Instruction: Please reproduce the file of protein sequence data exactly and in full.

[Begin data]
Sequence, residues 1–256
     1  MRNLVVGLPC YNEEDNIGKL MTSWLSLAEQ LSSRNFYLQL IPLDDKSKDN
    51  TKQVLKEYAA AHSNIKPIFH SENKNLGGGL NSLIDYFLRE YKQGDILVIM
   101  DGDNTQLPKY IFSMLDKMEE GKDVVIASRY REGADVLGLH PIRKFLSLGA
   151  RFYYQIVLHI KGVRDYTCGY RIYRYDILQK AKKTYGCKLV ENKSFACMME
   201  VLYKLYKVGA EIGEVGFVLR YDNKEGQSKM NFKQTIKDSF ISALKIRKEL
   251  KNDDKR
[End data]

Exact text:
Sequence, residues 1–256
     1  MRNLVVGLPC YNEEDNIGKL MTSWLSLAEQ LSSRNFYLQL IPLDDKSKDN
    51  TKQVLKEYAA AHSNIKPIFH SENKNLGGGL NSLIDYFLRE YKQGDILVIM
   101  DGDNTQLPKY IFSMLDKMEE GKDVVIASRY REGADVLGLH PIRKFLSLGA
   151  RFYYQIVLHI KGVRDYTCGY RIYRYDILQK AKKTYGCKLV ENKSFACMME
   201  VLYKLYKVGA EIGEVGFVLR YDNKEGQSKM NFKQTIKDSF ISALKIRKEL
   251  KNDDKR